Title 29 U.S.C. 621-634

The Age Discrimination in Employment Act is codified at Title 29, Section 621 to 634 of the United States Code.

Layoffs and age discrimination

One of the most common forms of age discrimination happens during layoffs. Employers believe they can fire people and claim that terminations are due to budget cuts, not for an employee’s age or performance. However, this is a prime opportunity to include higher numbers of older workers under the guise of layoffs when the company seeks a younger workforce.

Age Discrimination under 40

Discrimination against younger workers is often referred to as reverse age discrimination, which is not addressed by federal law and generally not provided under California law.

How to get rid of older employees

This is what many companies wonder about. They look for ways to hide the fact that they want to save money by hiring younger employees with less experience who will work for lower pay. However, “getting rid of” older employees and replacing them with younger ones is unlawful age discrimination.

Protected Class Age 55

Federal and California state employment laws cover a protected class of employees over age 40, which includes employees over the age of 55 as well. 55 can be an age when employees find bigger targets on their backs for discrimination, especially since some professions - such as air traffic controllers or federal law enforcement officers - have mandatory retirement after 55. It is important for employees age 55 and older to know they have protections under the law.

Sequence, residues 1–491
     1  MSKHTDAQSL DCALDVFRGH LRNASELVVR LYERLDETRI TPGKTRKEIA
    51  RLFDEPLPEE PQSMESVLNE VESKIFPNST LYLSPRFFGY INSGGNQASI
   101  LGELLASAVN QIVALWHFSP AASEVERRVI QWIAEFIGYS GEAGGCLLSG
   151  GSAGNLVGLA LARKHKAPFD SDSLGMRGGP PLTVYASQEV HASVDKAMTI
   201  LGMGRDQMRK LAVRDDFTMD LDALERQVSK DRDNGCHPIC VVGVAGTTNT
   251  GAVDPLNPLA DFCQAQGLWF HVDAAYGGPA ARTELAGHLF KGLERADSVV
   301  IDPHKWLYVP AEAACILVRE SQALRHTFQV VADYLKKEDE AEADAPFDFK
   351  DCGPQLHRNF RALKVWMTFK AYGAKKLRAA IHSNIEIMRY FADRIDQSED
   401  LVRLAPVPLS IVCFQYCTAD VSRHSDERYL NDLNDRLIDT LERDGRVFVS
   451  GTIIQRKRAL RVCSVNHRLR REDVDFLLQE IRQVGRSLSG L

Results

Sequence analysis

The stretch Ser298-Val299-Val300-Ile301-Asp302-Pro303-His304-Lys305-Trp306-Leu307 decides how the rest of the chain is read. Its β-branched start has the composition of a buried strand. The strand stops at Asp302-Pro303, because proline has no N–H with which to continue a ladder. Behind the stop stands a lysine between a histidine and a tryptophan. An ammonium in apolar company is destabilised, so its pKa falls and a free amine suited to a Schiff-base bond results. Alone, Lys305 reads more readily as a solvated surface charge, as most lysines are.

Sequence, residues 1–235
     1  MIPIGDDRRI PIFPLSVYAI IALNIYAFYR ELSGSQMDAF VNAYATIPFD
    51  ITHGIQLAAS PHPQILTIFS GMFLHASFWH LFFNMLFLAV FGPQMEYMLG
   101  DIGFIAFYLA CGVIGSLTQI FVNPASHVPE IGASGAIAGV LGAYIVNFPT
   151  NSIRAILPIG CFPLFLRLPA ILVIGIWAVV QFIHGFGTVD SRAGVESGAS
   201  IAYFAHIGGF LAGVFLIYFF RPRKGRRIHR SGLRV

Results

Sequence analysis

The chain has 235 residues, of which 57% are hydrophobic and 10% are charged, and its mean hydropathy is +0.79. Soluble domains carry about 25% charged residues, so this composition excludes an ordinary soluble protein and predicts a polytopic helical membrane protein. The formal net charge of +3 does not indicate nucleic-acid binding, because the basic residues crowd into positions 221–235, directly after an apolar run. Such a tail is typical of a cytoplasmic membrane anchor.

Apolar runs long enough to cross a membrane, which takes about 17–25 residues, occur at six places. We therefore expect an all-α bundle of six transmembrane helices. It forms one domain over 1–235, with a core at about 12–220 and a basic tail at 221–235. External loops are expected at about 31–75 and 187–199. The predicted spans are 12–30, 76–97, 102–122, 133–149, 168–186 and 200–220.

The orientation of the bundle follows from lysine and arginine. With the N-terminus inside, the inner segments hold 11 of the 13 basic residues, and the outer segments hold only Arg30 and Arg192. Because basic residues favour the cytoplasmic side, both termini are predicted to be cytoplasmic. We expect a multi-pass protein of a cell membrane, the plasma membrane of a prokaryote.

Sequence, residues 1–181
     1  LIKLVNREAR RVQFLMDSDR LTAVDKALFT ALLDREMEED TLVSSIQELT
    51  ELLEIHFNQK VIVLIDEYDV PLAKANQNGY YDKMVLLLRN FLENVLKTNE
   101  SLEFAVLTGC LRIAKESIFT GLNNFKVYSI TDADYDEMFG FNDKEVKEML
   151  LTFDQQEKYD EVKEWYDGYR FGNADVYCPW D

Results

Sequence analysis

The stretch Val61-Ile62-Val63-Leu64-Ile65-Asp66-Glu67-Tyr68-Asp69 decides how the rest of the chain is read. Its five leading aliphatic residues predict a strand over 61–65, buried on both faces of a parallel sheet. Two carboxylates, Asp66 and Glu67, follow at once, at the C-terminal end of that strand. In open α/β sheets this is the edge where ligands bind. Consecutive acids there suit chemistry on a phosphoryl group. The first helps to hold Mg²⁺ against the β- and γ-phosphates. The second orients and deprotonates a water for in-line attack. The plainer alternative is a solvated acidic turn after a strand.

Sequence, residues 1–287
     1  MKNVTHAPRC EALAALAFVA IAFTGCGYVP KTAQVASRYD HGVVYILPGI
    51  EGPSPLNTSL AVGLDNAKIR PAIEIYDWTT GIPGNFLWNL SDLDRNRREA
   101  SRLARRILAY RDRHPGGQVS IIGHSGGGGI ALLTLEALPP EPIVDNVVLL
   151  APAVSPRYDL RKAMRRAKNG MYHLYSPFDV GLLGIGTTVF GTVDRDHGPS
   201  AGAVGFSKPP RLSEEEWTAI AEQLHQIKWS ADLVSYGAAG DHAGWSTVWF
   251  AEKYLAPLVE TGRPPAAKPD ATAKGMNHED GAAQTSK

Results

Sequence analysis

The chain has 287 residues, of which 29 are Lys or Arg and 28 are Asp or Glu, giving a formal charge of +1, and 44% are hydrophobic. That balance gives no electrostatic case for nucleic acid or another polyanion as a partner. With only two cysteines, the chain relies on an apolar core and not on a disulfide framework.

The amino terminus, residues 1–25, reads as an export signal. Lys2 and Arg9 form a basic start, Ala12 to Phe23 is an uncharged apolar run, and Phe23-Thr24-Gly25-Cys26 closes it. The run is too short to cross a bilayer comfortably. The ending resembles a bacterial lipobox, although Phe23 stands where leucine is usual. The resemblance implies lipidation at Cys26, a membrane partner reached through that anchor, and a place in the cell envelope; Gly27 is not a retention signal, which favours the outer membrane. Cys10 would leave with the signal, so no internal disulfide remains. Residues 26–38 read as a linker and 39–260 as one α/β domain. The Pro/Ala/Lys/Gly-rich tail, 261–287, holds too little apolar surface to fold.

Terminating employees over 50

There are certainly legitimate reasons for terminating employees who are any age, including over age 50. Perhaps the employee missed too much work, violated company policies, or experienced a significant dip in production. These are acceptable reasons for termination. However, making up a pretextual reason to fire someone (when the true reason is that they are over 50) is unlawful and an all-too-common practice by employers trying to mask age discrimination.

How to prove age discrimination in layoffs

Employees claiming age discrimination must provide sufficient evidence of the unlawful conduct in order to obtain the legal relief and compensation they deserve. This is no easy task in many cases. Employers will generally try to fight liability for discrimination, which only makes it that much more difficult for employees. It is important for employees to have an employment lawyer who knows how to prove age discrimination.

For a successful claim, you must prove:

You are a member of a protected class (over age 40)

Your employer took an adverse employment action due to your age

Any reasons given by your employer were pretextual

Age discrimination statute of limitations

If you are filing your claim under federal law, you will have 300 days to file your complaint (if you are in California or another state with its own discrimination laws). If you are filing under state law, you will have three years to file a complaint, as California recently extended its statute of limitations for employment discrimination claims.

For more information

To discuss your case, call us at 888-762-0297 and ask to speak with an attorney who handles age discrimination cases.

Your consultation will be confidential, informative, and free.

We take all cases on contingency and advance all costs - which we only are reimbursed if we successfully recover on your behalf.

We represent clients in Los Angeles and other cities in California.

Last updated on September 6, 2021.